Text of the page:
It is always an interesting experience visiting Roger Dubuis at the pka SIHH now Watches & Wonders Geneva, and with this year’s having been purely digital in form, it’s even more of a shame that we did not have the opportunity to see the subject of today’s post. The Excalibur Diabolus In Machina is a pièce unique, and it has been sold.
Roger Dubuis are not above owning excess, and this piece, featuring a minute repeater with a flying tourbillon, looks like an extension of their more sober cases and designs. Easily identifiable as being a Dubuis from a distance by the Excalibur features, but upon examination, with the brand’s often idiosyncratic way of doing complications.
This may look quite sedate for this brand, but ‘sedate’ still means pushing material boundaries for Roger Dubuis, who seem to delight in combining very traditional haute horlogerie with sometimes almost ‘contradictory’ (or counter intuitive) materials. In this instance, the 45mm case of this skeletonised watch is a type of cobalt chrome called CarTech Micro Melt BioDur CCM. The case’s back is of the same material with a sapphire crystal. If you want to read about some previous use of Cobalt Micro Melt, go to this post.
However, the decision to use this wasn’t just about the looks and material. The brand says that cobalt chrome is purported to have acoustic qualities that improve the sound quality of this minute repeater; they used it to make elements of the gong and say that they didn’t even need to tune them. As I said, it is a huge shame that we did not get to test this for ourselves.
The dial has flange engraved with a minute track. The polished hour markers are filled with Super-LumiNova, and the familiar Roger Dubuis star has been reworked so that it is deconstructed onto multiple levels, with no two elements of the star being on the same level. Functionally, along with the hours, minutes, minute repeater, and single flying tourbillon, there are also indicators for the function and the chime.
For the repeater, the new owner can check the time using a traditional pusher which has what they have called an “all or nothing” safety mechanism that only allows the repeater to be active if the pusher has been fully depressed, so as to to minimise accidental activation. There is a low tone for the hours, high for the minutes, and two tones for the quarter hours.
At 11 o’clock is a transparent disc hiding behind/ part of the Roman numeral. Marked with ‘Hours’, ‘Quarters’ and ‘Minutes’, it disc starts to turn as soon as the minute repeater is activated, visually indicating the time intervals being chimed. How did they do this? They attached it to the minute repeater’s main feeler-spindle system.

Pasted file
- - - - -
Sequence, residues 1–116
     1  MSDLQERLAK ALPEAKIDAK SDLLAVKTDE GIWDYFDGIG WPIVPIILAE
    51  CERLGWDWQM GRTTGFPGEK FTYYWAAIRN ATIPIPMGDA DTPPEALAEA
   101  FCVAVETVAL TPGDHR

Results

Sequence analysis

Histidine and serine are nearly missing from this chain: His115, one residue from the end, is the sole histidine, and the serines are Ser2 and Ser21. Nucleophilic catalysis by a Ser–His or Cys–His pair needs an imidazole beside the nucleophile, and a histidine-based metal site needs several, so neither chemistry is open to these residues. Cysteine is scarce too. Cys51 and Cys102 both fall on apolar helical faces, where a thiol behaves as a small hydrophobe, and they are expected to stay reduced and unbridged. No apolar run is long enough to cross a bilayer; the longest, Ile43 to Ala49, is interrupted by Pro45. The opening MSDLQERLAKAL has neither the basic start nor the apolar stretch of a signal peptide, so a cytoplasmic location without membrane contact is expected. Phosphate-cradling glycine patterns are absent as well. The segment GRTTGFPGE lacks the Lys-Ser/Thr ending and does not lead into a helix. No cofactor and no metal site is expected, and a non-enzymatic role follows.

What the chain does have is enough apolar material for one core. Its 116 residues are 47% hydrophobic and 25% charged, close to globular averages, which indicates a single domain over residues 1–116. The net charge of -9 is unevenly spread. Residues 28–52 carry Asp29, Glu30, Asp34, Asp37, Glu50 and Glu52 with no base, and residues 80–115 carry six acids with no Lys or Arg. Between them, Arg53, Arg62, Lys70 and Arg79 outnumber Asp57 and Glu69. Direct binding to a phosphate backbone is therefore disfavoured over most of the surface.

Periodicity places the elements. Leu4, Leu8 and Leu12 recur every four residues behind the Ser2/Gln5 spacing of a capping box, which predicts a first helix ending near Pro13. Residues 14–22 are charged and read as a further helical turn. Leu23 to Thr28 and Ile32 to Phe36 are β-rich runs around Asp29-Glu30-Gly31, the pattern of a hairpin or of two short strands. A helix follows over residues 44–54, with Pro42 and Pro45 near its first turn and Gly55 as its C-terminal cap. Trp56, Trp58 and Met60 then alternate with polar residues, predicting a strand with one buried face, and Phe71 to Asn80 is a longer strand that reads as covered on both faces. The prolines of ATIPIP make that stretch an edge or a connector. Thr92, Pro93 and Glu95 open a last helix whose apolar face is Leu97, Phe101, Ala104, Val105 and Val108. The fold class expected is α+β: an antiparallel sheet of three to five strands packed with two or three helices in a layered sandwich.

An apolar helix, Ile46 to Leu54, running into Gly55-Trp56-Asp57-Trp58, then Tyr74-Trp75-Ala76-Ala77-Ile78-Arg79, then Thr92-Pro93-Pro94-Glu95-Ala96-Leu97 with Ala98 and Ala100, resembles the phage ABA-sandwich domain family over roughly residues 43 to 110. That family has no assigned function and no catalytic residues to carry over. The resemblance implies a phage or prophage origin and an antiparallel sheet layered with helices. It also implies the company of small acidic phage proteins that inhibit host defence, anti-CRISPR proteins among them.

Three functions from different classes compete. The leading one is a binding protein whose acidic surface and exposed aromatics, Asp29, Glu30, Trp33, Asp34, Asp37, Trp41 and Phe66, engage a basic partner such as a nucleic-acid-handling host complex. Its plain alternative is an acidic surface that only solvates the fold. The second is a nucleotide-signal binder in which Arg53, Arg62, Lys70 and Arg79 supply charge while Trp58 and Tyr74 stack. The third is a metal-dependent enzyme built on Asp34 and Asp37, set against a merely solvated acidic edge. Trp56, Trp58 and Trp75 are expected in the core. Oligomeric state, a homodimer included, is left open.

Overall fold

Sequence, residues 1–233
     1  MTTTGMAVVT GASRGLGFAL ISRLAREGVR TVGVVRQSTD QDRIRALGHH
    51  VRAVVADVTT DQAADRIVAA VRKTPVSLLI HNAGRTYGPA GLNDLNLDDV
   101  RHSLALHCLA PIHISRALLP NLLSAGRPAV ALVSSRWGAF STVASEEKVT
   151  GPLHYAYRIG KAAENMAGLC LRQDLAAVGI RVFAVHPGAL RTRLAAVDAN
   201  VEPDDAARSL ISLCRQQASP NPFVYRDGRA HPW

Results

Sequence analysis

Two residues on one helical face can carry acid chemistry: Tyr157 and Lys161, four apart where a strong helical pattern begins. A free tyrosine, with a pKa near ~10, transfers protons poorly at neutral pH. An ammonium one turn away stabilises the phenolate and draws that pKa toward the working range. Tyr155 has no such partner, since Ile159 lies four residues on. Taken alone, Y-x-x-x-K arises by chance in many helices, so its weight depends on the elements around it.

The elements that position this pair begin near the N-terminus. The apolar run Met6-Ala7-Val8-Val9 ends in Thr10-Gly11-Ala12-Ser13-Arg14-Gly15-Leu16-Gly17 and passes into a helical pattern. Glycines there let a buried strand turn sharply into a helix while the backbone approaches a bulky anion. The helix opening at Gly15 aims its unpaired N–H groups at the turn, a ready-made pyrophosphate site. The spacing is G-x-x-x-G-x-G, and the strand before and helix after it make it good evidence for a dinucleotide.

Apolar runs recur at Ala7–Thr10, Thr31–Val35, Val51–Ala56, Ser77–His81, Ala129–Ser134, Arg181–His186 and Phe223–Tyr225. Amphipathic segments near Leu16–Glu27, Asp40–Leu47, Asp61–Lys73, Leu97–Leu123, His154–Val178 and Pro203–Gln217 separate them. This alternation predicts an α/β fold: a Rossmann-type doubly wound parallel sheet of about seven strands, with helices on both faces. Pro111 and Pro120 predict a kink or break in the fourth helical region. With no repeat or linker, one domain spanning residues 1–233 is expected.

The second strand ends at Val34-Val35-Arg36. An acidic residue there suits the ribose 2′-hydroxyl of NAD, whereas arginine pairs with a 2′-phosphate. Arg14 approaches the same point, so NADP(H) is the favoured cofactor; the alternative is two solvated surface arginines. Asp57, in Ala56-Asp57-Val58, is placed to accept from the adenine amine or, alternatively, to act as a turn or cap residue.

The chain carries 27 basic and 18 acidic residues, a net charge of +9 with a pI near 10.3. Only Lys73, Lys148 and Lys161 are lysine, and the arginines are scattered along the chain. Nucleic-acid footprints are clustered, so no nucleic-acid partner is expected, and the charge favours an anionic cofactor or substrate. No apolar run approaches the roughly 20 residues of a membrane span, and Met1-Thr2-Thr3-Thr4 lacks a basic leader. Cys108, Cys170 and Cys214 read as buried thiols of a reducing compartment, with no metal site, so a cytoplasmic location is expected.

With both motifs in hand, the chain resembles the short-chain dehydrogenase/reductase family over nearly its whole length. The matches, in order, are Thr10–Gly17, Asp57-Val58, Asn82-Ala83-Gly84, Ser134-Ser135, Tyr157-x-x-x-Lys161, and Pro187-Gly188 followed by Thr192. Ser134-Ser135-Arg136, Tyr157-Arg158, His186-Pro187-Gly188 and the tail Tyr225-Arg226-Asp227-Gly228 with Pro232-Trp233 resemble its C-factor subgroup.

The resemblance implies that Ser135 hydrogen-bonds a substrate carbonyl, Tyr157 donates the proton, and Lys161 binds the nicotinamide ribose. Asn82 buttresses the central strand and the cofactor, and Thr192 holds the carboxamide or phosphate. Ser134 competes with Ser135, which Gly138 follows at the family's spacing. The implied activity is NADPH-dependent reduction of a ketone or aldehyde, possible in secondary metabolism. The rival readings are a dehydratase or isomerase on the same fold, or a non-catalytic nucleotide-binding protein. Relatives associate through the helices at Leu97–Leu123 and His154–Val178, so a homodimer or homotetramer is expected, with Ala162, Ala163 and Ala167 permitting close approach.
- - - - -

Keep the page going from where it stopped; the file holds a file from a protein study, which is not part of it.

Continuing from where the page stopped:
The second function indicator is a lever between 3 o’clock and 4 o’clock that lets the owner know if the watch is in ‘manual winding’ or ‘time setting’ mode so as to minimise damage to the movement.
These are all powered by the automatic Calibre RD0107, which beats at 21,600 VPH and has a power reserve of 60 hours. It features circular graining, shot-blasted surfaces, Cotes de Genève, and NAC-coated bridges and plate.
Roger Dubuis has chosen to tune this minute repeater to the sound the famous discordant ‘Diabolus in musica’ Tritone chord that has been been popularised across a wide range of music. To read more about it and listen to some examples of how it has been used, go to this link. In a way it makes perfect sense that this brand was the one who chose to do this for their Machina, since dissonance between form and traditional functions are key to their identity. It is tuned in this timepiece to C and G flat.
Given the material of the case, no the buckle is not of the same material but titanium, with a triple folding buckle, along with a calf strap.
So I mentioned at the outset that it has been sold. The price? USD 571,000.
‘Diabolus in musica’ has not been a term used exclusively for the tritone, although it has been applied to the interval since the late Middle Ages. Perhaps because of the combination of ‘Devil’ and ‘mediaeval’, I am reminded of the ‘Codex Gigas’ at the National Library of Sweden. The largest extant medieval illuminated manuscript in the world, it is known as the ‘Devil’s Bible’ because of a full page portrait of the Devil, and the legend surrounding its creation.
With its earliest identifiable provenance being the early 13th century in the Benedictine monastery of Podlažice in Bohemia, the legend, which I was told by a local friend when I saw it, is that it was written by a single scribe during the course of a single night. He realised that one man alone could not achieve this, so he asked the Devil for help.
The Devil’s Bible is 92cm in length and has 310 parchment leaves. It was not written in one night by a monk in a room, whether by himself or with assistance.
[Photo credit: Roger Dubuis]